Nonetheless, this was the first minor quip I had with the game, where I felt like there was no real structured line of progression in terms of the prepackaged games. Or rather, the game doesn’t allow you to escape often enough from the creation tools if you’re tired of making your own games. For instance, after being given the reigns, I immediately went to play through Mona’s games but after not being able to unlock the next group of games quickly, I actually had to take breaks from playing the game between the lengthy tutorial sessions provided within the game (until I acquired the next set of games).
All in all, there isn’t a large amount of prepackaged games when compared to previous WarioWare titles either. However, that is the beauty of the game as not only can you create your own (and you actively assist in making several of the games in the title), but you can also download games from a limitless supply of user-made games and/or from additional games added by Nintendo from Nintendo Wi-Fi connection. Thus, though the amount of prepackaged games is small, the amount of total games is essentially large as long as Nintendo continues to support the game for some time.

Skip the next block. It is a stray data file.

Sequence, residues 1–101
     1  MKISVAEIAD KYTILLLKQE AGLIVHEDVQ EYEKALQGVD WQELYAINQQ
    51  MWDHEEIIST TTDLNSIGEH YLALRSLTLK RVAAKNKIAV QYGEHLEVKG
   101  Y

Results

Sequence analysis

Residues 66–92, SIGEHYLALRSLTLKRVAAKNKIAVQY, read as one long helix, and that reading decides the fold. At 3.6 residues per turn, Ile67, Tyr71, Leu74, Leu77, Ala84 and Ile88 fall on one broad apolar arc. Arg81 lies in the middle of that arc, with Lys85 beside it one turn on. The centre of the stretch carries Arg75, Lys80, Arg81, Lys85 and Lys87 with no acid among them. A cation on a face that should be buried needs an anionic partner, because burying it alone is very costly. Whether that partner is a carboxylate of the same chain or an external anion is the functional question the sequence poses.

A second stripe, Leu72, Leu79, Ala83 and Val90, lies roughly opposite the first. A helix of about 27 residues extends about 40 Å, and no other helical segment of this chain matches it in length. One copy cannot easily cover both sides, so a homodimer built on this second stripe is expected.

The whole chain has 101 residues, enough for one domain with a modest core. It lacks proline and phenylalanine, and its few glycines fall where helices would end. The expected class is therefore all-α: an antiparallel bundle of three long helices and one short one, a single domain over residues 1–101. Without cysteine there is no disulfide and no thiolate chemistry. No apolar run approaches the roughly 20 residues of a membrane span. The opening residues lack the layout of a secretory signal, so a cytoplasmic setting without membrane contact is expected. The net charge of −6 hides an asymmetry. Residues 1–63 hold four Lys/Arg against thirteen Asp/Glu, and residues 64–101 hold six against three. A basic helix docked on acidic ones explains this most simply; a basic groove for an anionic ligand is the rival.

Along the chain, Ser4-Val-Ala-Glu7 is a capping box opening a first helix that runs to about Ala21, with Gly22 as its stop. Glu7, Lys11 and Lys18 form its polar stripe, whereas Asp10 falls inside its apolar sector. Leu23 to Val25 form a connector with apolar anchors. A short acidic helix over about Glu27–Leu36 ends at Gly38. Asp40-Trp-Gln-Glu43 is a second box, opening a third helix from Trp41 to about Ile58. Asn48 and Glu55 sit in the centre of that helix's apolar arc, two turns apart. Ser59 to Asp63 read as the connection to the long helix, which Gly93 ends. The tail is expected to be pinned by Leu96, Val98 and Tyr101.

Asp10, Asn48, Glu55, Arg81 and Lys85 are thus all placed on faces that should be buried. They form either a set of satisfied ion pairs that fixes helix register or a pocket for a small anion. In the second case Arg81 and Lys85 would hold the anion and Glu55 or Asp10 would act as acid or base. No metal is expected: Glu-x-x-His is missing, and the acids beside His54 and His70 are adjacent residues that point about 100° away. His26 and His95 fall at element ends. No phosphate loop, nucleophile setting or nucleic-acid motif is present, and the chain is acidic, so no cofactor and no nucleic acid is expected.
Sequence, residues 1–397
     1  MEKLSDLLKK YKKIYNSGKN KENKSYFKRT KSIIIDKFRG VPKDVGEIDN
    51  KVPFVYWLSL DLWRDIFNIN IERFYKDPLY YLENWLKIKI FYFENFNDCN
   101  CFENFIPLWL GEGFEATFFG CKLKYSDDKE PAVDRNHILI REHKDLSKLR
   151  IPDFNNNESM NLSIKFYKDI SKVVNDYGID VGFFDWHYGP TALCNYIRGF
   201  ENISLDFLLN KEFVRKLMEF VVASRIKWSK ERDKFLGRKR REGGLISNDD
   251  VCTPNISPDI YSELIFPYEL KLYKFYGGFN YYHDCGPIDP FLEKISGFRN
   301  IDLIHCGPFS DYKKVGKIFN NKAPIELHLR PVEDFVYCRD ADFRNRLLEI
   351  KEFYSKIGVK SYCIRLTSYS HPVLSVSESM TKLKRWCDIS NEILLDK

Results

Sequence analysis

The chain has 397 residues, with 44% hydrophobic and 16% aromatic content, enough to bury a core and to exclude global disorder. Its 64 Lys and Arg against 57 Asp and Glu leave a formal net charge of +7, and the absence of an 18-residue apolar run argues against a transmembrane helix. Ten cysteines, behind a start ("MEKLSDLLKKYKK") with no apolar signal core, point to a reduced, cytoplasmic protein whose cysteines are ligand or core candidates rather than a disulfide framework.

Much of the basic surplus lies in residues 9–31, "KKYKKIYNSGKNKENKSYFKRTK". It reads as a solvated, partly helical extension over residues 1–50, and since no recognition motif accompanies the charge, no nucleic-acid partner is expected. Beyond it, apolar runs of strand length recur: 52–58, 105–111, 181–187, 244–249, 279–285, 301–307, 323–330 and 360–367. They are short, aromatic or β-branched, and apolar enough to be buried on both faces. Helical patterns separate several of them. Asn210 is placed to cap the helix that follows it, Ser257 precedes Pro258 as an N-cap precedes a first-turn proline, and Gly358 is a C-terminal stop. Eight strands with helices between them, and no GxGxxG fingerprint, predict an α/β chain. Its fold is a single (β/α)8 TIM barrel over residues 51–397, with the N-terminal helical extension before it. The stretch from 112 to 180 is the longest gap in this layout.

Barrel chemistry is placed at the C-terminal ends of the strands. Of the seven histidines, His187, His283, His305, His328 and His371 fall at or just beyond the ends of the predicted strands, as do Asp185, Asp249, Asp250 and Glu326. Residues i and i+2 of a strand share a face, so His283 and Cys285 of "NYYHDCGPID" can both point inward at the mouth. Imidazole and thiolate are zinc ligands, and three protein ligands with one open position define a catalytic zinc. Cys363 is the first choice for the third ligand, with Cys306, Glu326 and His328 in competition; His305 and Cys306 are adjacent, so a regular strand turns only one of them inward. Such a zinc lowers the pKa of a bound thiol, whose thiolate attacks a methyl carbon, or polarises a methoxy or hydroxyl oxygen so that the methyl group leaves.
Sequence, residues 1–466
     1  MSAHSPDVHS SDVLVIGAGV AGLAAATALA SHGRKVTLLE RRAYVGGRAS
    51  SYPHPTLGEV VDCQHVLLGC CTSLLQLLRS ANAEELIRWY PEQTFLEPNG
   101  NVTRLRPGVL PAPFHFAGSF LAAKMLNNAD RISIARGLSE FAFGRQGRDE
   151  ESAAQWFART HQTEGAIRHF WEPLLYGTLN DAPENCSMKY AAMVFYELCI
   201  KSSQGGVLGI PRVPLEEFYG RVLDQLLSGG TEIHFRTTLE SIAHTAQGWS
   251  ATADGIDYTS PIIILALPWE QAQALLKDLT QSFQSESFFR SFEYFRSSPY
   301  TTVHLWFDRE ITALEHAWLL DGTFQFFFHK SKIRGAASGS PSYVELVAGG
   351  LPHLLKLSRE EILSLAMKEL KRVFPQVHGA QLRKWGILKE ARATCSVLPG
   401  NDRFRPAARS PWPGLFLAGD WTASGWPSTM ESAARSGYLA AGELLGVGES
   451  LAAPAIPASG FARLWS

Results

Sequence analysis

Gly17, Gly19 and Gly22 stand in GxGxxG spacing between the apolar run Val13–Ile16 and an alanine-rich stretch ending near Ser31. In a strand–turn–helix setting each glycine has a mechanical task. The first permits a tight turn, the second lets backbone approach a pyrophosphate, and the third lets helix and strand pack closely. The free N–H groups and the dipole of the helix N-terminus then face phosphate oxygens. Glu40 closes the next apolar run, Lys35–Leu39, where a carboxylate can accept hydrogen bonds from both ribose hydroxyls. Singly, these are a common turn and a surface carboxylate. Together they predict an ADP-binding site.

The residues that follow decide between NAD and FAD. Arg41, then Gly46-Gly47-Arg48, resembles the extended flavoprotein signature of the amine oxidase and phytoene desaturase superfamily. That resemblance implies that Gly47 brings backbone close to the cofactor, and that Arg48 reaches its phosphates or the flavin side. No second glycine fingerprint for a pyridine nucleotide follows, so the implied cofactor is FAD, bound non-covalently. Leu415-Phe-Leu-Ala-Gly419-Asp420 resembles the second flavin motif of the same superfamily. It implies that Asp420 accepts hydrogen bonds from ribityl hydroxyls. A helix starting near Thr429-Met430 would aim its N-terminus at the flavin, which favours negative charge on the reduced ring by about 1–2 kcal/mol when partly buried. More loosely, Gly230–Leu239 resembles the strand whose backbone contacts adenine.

The "True" Mario Paint Sequel
As for creation, the game features all of the tools and style from Mario Paint plus more. Everything from the prepackaged stamps, designs, and even the eraser tools to the animation controls and music creation is straight out of the original Mario Paint title (or so it seems). I almost felt as if they had created a Mario Paint sequel in the first place and then decided to add on the WarioWare aspects of the game to make it even more of a novel idea.
What makes this game a true sequel to Mario Paint are all of the features that they’ve either updated or added to make the experience more immersive. Now instead of having one large animation sequence over the entire screen, players can have up to 15 different “objects”, each of which has 4 separate 4-frame animation sequences. And, using a new portion of the game that involves AI and Commands, the player is actually able to take their creations and turn them into games.